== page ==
Were these men all men of bad will? No, I can't say that. Some were and had long planned the infiltration, the sabotage of the sacred, but most trusted. That was the problem, they let down their guard and what was a strong chain of the hierarchy became weaker because a chain is only as strong as its weakest link. And as the years progressed and the abuses mounted, a man of good will would have questioned what was going on just for his own spiritual survival, but few did. Oh, we know the names today of those who resisted the revolt; men who today have been villified by the same calibre of men who shouted in the Roman courtyard "Crucify Him! Crucify Him!" The names are the heroes of our times to those who, like the Apostles, hold out hope, faith and love that all Christ said was true and that their efforts were not in vain: Men like Archbishop Marcel Lefebvre, Bishop Antonio Castro de Meyer, Abbe Georges de Nantes, Archbishop Pierre Marie Ngo Dinh Thuc, Dietrich von Hildebrand and Father Gommar De Pauw to name just a few traditional giants who, without their contributions, the True Roman Catholic Church would definitely be much, much weaker.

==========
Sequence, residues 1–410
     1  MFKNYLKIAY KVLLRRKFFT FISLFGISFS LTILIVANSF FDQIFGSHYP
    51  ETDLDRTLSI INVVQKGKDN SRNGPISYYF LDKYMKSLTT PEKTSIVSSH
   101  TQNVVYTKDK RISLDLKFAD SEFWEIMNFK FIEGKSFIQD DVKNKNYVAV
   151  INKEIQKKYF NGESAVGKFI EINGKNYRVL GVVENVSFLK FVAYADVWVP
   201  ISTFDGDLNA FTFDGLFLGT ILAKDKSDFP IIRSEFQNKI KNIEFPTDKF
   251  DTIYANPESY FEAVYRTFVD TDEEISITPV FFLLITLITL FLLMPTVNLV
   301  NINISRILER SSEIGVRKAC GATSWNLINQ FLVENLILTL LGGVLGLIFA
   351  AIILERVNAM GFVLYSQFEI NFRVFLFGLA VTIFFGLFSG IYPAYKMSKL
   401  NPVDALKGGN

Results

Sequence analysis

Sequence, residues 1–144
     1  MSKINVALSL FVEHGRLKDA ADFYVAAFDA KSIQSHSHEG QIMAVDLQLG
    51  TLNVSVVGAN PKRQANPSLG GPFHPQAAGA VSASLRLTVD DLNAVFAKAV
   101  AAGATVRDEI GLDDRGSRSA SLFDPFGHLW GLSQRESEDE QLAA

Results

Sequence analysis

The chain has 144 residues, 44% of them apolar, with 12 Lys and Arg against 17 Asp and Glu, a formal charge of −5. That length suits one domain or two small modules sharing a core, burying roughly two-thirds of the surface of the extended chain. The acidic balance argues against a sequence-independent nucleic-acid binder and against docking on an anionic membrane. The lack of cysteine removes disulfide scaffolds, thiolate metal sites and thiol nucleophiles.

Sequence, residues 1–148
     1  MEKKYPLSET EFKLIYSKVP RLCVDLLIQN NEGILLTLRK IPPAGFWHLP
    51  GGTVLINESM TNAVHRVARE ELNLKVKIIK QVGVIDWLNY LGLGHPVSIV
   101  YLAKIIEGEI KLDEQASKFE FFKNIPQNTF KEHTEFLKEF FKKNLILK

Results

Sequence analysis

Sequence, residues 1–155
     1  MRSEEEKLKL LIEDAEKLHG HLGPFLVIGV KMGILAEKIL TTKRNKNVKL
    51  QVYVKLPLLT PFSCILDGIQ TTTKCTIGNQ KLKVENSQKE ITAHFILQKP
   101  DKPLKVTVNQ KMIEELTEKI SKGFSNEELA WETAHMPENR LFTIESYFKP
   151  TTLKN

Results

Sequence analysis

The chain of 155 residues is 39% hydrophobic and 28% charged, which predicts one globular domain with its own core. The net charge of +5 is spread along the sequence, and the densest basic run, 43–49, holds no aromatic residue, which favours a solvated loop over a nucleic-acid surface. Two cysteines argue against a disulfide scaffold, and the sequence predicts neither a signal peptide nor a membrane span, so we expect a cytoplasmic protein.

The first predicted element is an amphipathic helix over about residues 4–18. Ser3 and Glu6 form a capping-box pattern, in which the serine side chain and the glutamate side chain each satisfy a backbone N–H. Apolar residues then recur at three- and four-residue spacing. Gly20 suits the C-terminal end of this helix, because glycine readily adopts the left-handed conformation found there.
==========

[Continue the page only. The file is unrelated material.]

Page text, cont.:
Like the Apostles, these modern apostles were strengthened in their Faith because they not only knew their Faith, but had faith that God would not fail them. No matter that the vast majority turned on them, they did not surrender. The Gospel for today's Mass, taken from Matthew 11: 25-30 attests from the Lord Himself:
"Confiteor Tibi, Pater, Domine Caeli et terrae, quia abscondisti haec a sapientibus et prundentibus, et revalasti ea pavulis. Ita Pater: Quoniam sic fuit placitum ante te. Omnia Mihi tradita sunt a Filium, nisi Pater: neque Patrem Quis novit Filiu, nisi Paer: neque Patrem Quis novit, nisi ilius, et cui voluerit Filiusrevelare. Venite ad Me omnes, qui lareficiam vos. Tollit jugum Meum super vos, et discite a Me, quia mitis sum, et humulis corde: et invenietris requiem animabus vestries. Jugum enim Meum usave est, et onus jeum leve."